Directed by: Michael Mann
Starring: Johnny Depp, Christian Bale, Marion Cotillard
Michael Mann’s latest is a lavish period piece detailing the life of notorious Depression-era gangster, John Dillinger, as he and his equally notorious band of lackeys travel far and wide to rob the banks that’d so openly plunged the United States deep into one of its most recognized periods of economic recession. Along the way, Dillinger manages to procure the title of “Public Enemy No. 1” from J. Edgar Hoover and his then budding FBI, thus forcing Hoover to hire top agent Melvin Purvis in an attempt to once and for all close in on Dillinger by assembling a team of the best lawmen the country has seen.
For starters, Public Enemies isn’t a bad film, but it does suffer from a genuine lack of several important elements that could’ve undoubtedly transformed it into one of the best of ’09, the first of which is the apparent absence of character development via an altogether lackluster script. To elaborate, Mann’s telling of the story of Dillinger is particularly adherent to historical detail, yes, but despite the efforts of a truly phenomenal cast, we’re offered little else to satisfy our craving to sympathize with the one gangster that’d essentially molded himself into a proverbial “folk hero” based on the bank robberies he’d helmed throughout the Great Depression.
Another problem the film suffers from in this regard is Dillinger’s relationship with Billie Frenchette, the presence of whom becomes almost annoyingly inconsistent as the film trudges through its 140+ minute runtime. Granted, her and Dillinger’s initial meeting and eventual relationship may be profiled as accurately as can be, but the interaction between them never once feels genuine, therefore when the time comes to show some sympathy towards the closest thing Public Enemies has to a leading lady, it’s safe to say you’ll have a hard time doing so.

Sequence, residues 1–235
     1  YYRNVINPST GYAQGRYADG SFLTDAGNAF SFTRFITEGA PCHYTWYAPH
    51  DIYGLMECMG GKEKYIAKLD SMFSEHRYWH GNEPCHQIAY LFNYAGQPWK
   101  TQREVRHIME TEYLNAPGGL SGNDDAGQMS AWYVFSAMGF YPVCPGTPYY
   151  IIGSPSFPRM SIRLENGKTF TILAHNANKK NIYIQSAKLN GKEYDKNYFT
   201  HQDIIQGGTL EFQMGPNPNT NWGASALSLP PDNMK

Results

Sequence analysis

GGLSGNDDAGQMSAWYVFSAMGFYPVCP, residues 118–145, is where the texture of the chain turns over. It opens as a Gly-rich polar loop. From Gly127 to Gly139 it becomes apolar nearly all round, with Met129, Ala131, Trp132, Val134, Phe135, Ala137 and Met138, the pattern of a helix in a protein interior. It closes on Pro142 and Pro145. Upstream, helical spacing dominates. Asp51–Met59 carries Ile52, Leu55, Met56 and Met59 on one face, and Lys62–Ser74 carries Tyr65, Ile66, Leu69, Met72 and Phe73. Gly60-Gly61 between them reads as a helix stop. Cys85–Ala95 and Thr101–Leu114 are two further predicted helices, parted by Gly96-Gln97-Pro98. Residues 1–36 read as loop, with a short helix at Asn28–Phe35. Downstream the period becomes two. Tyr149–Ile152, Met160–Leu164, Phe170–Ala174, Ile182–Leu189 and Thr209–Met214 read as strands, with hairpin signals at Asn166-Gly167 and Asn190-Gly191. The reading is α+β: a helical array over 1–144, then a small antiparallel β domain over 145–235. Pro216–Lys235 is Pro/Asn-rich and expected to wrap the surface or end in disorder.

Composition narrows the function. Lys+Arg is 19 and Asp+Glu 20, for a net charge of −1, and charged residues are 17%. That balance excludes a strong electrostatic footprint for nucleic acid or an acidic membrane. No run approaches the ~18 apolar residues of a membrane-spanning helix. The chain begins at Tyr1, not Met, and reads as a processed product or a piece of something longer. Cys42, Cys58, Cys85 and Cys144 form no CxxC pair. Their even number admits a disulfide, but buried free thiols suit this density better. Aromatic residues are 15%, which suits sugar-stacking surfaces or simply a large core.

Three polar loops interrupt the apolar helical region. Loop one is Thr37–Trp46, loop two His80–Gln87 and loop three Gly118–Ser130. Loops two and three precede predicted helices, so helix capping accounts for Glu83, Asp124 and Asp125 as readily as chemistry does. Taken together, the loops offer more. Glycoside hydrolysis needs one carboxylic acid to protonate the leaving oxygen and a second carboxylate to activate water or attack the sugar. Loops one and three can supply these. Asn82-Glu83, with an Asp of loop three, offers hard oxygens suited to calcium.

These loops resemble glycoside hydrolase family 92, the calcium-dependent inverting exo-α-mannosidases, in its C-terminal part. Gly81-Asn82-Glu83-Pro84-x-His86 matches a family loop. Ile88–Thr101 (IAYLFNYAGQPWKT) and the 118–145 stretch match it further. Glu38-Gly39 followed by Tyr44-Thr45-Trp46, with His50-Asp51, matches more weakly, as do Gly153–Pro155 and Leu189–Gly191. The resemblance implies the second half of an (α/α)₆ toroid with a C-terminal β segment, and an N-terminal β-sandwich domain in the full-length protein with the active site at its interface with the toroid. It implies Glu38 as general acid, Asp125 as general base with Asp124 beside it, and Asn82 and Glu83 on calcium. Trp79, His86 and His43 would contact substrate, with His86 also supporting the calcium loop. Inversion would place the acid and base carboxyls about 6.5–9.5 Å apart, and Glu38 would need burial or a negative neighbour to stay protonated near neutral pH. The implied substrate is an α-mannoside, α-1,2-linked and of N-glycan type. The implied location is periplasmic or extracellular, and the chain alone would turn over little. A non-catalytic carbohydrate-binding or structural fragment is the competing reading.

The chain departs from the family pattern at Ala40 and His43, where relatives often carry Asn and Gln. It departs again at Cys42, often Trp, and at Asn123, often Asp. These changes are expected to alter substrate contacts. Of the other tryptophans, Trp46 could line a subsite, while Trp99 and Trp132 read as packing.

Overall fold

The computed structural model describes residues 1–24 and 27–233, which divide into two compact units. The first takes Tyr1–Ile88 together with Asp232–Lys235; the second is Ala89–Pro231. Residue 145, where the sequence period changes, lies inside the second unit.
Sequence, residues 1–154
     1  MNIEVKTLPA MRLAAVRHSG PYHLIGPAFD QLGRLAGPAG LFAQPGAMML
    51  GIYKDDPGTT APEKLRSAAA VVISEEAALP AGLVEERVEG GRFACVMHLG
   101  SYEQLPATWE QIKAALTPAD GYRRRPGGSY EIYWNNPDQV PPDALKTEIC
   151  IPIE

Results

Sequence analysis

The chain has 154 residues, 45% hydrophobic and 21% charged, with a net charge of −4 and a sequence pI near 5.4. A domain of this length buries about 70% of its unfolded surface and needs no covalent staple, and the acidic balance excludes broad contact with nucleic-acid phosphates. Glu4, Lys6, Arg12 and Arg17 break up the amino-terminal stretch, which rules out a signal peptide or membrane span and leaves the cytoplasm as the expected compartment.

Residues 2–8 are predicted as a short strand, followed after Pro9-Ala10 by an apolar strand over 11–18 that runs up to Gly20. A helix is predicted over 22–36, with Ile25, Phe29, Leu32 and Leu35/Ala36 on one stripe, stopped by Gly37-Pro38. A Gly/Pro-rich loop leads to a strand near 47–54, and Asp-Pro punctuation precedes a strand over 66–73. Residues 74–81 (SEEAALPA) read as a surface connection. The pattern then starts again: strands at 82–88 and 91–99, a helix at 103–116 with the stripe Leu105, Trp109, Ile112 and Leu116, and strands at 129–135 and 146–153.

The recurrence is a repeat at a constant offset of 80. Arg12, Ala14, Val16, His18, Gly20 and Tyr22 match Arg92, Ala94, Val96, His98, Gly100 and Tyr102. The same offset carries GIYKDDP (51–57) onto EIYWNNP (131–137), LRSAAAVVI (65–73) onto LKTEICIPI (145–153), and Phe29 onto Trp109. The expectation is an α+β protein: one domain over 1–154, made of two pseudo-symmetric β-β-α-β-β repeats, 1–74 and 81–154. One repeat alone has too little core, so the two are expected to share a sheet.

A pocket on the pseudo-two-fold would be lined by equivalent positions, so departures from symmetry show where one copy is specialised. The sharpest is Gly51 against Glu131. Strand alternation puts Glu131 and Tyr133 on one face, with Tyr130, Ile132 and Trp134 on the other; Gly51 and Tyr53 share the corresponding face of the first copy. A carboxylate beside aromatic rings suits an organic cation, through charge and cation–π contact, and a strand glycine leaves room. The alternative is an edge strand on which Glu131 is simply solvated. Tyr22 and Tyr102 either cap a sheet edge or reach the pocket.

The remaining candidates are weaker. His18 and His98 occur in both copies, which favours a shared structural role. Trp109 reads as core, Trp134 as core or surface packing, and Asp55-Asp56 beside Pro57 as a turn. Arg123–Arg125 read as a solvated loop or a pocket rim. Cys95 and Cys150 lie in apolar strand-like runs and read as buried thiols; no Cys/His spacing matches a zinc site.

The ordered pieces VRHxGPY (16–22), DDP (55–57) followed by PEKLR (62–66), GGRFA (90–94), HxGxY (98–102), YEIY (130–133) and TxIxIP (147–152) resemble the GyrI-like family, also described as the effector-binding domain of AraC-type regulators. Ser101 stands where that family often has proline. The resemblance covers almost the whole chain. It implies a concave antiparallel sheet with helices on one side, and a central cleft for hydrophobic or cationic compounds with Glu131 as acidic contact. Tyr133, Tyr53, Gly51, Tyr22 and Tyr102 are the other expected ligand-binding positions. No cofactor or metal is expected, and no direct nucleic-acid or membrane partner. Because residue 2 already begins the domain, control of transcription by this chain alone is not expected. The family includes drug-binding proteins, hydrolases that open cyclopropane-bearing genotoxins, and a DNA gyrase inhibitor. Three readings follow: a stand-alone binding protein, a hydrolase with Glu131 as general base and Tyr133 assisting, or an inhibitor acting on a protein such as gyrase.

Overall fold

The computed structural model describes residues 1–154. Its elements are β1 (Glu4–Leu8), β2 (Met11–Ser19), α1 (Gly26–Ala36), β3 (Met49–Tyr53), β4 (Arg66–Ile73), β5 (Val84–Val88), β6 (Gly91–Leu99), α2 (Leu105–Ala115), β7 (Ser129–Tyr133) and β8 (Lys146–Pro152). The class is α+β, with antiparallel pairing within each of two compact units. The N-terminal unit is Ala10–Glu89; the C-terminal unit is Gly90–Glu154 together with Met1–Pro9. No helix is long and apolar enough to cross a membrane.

Writing aside, Mann indeed proves he still possesses the directorial prowess needed to produce respectable pieces of cinema. So, what the film lacks in terms of thoroughly fleshed out characters and appropriate pacing, it just about makes up for in the form of some pretty excellent action sequences. Yes, some may find the camerawork to be a little clunky and “nauseating” at points, but I do feel it’s appropriate to a degree and although it could’ve been toned down a bit at parts, doing away with it would effectively take away from Mann’s already mediocre gangster biopic.
In the end, I found myself pretty disappointed with Public Enemies. Although painstakingly faithful to the story surrounding Dillinger and his acquaintances, Michael Mann’s latest suffers from a lack of actual character development, some minor pacing issues, and a borderline overlong runtime. However, it’s the efforts of Bale, Depp, and a majority of the supporting cast including Billy Crudup as J. Edgar Hoover that really manage to carry the film all the way through to its somewhat rushed conclusion. Now this isn’t to say Public Enemies is an altogether bad film; it most certainly isn’t, but given the sky-high expectations I’d had prior to its release, it ultimately fell short in satisfying them come showtime.